12:00 AM, August 16, 2018 / LAST MODIFIED: 01:19 PM, August 16, 2018

Is another Rohingya-like crisis looming for Bangladesh?

Assam residents wait to check whether they made the first draft of the National Register of Citizens in the state's Kamrup district in January. Photo: JIJI/AFP

“As in so many other developing societies of South Asia, in Assam too, myths and dogma take root, develop their own reality, and begin to dictate political debate unchallenged by the mainstream media, academia or larger intelligentsia. Such is also the case with what can only be called the myth of continuing Bangladeshi migration into Assam.” – Anindita Dasgupta, The Myth of the Assamese Bangladeshi

The signals from India, albeit stemming unofficially but nonetheless from the mouths of Indian ministers and BJP high-ups, regarding the National Register of Citizens (NRC), sound ominous. From the threat of the ruling party president uttered in Kolkata on August 11, it seems the BJP is all but sure that the four million or so Muslims delisted from the controversial Assam citizen's list are indeed Bangladeshis alleged to have infiltrated into India over time. And the fallout for Bangladesh, as an outcome of the NRC delisting of four million Muslims, is grave. 

Quite an outlandish figure of illegal Bangladeshi migrants in India—20 million—has been flaunted from time to time to convey the “magnitude” of the problem. And imagination was allowed to run wild when in 1981 it was estimated that the so-called Bangladeshi immigrants constituted 45 percent of Assam's 1.6 crore population. That was only an estimate since no census was possible due to the Assam agitation during that time. Regrettably, it has continued to be a matter of estimate without any empirical evidence to support the figure of 20 million.

Assam's politics has been largely pinned on the issues of census and migration. And many scholars term the migration issue as a myth. They assert, citing census reports, that the “increase in Assam's Muslim population is nowhere extraordinary.” But census and migration have been linked by politicians to both culture and security creating a fear of xenophobia and security. For those political elites in Assam who want to make political hay out of this issue put forward the argument that the only measure that can save Assamese culture from being subsumed within Bangla culture is to see that these Muslims are sent back to Bangladesh, or ghettoised (it's inevitable if they are sequestered in separate areas pending “repatriation”. Sequestration of the four million of them is an alternative that some stalwarts within the BJP are suggesting, pending deportation to their supposed place of origin, i.e. Bangladesh).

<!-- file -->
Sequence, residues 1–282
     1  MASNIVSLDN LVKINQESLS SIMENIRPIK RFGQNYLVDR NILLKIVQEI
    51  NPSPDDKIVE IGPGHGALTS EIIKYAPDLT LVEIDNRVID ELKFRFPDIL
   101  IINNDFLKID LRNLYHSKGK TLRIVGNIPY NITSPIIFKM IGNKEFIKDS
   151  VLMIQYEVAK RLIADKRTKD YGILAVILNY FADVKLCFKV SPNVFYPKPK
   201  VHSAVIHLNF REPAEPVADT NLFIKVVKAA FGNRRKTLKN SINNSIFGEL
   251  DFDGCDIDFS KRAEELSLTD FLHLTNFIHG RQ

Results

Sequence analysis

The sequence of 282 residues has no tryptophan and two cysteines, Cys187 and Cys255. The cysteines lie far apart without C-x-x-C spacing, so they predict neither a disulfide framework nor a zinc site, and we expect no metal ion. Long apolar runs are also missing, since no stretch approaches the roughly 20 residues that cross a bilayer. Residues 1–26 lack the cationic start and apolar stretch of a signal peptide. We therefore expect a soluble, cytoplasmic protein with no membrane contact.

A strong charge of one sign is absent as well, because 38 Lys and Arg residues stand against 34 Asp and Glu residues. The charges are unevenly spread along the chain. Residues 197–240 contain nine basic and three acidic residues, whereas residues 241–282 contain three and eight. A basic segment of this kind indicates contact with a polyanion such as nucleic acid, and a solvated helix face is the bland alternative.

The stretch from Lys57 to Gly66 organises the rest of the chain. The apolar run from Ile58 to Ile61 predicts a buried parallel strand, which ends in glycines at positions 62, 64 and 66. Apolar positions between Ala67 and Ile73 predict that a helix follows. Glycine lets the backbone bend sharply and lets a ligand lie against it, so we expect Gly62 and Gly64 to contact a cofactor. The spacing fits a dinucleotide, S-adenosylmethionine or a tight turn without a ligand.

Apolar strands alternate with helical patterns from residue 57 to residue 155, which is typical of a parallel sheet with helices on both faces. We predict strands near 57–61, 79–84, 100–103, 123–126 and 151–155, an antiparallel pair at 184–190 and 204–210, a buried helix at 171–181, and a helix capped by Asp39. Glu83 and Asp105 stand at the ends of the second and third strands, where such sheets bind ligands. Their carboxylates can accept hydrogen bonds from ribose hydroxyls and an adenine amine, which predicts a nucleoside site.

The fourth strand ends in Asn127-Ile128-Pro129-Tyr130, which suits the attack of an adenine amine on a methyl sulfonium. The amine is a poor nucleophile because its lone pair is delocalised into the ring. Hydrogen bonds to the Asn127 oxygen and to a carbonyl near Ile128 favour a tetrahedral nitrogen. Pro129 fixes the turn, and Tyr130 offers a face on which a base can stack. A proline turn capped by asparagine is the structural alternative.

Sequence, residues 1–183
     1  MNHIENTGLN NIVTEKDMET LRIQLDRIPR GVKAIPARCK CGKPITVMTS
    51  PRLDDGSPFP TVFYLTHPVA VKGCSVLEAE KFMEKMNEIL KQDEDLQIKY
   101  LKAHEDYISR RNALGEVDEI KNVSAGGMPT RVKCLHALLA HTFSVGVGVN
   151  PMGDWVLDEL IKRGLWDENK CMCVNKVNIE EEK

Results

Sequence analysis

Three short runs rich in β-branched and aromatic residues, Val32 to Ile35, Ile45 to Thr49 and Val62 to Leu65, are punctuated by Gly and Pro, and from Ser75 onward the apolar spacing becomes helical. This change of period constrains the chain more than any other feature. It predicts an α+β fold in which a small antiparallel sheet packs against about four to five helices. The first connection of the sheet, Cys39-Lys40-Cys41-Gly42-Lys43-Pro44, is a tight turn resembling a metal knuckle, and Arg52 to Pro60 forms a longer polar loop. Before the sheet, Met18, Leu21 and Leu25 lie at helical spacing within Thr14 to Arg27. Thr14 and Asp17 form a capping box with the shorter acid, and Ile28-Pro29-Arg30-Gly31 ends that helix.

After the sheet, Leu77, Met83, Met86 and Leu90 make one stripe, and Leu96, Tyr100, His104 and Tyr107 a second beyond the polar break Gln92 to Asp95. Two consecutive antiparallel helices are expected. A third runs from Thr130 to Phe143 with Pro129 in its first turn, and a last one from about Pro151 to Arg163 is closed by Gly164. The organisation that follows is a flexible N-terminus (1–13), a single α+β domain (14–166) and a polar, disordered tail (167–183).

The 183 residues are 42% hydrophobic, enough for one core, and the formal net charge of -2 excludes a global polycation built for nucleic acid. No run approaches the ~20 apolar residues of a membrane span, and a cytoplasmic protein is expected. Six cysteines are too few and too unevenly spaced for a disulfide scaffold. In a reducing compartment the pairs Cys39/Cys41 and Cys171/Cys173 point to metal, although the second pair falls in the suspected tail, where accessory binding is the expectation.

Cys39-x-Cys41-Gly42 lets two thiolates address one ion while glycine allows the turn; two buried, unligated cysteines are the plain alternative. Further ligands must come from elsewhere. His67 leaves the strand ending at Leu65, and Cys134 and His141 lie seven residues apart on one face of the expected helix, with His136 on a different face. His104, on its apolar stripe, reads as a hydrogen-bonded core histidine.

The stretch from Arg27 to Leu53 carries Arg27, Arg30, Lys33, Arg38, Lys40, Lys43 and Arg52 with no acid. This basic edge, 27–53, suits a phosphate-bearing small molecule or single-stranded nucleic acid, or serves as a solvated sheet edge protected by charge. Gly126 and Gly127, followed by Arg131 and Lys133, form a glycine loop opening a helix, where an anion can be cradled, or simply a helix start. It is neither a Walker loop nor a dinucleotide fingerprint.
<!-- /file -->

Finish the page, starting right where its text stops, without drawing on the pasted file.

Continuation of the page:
Surprisingly, there has been little reaction from our side regarding the NRC since our government believes—mistakenly, one feels—that the issue is India's internal matter. India as usual has tried to assuage any concern saying that Bangladesh has no reason to be alarmed by the matter. 

But the utterances of various BJP members including its president are worrisome. Noticeable in the statements is an attempt to categorise the so-called illegal immigrants into Muslims and Hindus. While Amit Shah says that “all Bangladeshi infiltrators would be driven out of the country,” some of his colleagues classify the so-called Bangladeshis as refugees and infiltrators/illegal migrants. Hindus are lumped into the former while the Muslims into the latter. India's policy that all Hindus, Christians and Buddhists refugees from countries including Bangladesh would be granted citizenship is questionable too. Hence, the vibes emerging from India make the statement of our foreign ministry incongruous since the object or the target, if you like, of the entire exercise—the so-called Bangladeshi infiltrators—has everything to do with us.